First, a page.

China Plans Massive Increase to Marine Corps to Pursue Global Ambitions

Delegates from Chinese People's Liberation Army / AP
March 13, 2017

China is preparing a five-fold surge to the size of its Marine Corps as Beijing moves to further exert its influence abroad.

The plan would increase the number of Marine Corps personnel from about 20,000 to 100,000 people, the South China Morning Post reported Monday, citing military insiders and experts. The move will be accompanied by cuts to the Chinese military's land forces in an attempt to modernize the People's Liberation Army.

Chinese President Xi Jinping, commander in chief of the world's largest military, has expressed his desire to move away from military reliance on ground forces.

"The PLA marines will be increased to 100,000, consisting of six brigades in the coming future to fulfill new missions of our country," an unnamed source told South China Morning Post.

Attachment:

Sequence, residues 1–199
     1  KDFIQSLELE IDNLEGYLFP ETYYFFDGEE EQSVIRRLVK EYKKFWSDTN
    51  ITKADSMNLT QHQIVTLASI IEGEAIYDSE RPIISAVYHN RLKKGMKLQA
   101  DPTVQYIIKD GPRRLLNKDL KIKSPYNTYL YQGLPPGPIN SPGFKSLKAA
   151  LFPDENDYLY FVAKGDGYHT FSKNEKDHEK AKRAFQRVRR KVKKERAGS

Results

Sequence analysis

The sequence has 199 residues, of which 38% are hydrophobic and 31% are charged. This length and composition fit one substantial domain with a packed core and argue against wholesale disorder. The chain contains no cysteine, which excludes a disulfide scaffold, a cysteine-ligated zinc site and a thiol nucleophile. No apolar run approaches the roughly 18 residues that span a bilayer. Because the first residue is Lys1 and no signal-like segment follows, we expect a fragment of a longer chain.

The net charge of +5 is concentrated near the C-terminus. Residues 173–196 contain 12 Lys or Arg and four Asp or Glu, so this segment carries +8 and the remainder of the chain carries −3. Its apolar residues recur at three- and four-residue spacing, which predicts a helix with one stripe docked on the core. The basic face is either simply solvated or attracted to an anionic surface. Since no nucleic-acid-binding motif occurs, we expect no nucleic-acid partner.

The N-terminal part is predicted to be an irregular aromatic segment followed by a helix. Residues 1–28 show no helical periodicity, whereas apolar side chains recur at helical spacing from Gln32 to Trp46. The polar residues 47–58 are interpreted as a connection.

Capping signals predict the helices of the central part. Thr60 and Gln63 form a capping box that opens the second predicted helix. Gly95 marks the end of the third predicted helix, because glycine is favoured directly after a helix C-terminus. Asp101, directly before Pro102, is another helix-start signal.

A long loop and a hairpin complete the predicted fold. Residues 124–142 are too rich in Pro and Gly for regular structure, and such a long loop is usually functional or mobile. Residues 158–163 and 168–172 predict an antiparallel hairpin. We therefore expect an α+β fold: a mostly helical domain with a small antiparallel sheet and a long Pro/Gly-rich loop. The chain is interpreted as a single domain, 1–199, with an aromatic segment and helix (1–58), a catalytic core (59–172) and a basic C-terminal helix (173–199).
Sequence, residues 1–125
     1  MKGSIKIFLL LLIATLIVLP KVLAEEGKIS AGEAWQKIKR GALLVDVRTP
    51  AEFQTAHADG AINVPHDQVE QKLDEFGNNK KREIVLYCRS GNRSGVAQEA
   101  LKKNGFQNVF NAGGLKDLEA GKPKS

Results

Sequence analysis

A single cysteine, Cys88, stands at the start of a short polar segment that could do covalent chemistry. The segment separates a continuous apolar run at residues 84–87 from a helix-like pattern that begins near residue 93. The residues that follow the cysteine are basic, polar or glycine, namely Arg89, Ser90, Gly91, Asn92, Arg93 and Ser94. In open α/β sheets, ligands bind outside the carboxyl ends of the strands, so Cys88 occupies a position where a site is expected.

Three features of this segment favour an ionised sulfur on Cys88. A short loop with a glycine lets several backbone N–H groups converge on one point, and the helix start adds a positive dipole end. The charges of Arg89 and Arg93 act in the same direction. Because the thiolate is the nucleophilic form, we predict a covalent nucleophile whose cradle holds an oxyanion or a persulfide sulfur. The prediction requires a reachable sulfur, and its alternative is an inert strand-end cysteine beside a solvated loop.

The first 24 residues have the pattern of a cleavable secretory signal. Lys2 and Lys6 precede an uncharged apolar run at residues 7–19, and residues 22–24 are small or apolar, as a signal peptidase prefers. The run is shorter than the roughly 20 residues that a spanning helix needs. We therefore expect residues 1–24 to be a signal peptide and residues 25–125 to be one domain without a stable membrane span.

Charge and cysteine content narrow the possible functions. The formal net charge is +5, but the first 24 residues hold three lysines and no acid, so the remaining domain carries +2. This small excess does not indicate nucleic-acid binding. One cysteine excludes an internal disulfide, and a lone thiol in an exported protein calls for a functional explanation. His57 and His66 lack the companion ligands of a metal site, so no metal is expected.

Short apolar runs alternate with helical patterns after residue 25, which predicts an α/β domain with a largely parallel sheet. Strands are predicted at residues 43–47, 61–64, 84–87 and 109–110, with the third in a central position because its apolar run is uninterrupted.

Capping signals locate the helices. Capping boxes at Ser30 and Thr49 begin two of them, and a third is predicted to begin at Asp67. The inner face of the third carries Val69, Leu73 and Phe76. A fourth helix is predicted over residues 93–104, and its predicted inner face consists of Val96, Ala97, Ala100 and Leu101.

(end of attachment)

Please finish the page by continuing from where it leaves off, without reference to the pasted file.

The source predicted the government would also expand the Navy by 15 percent.

China's Marine Corps forces have operated primarily in the country's coastal regions given their small numbers and dated equipment. The service's personnel boost will allow troops to be stationed at Chinese ports in Djibouti on the Horn of Africa, and Gwadar, Pakistan.

The construction of China's military base in Djibouti, which is still ongoing represents significant progress toward Xi's goal of expanding the nation's global influence. The proposed expansion to the Marine Corps would also help China achieve recognition as an international maritime power.

"Besides its original missions of a possible war with Taiwan, maritime defense in the East and South China seas, it’s also foreseeable that the PLA Navy’s mission will expand overseas, including protection of China’s national security in the Korean peninsula, the country’s maritime lifelines, as well as offshore supply deports like in Djibouti and Gwadar port in Pakistan," Chinese naval expert Li Jie told South China Morning Post.

"However, the current size of the marines and its equipment are very limited and not enough to cope with the upcoming new challenges," he added.

Published under: China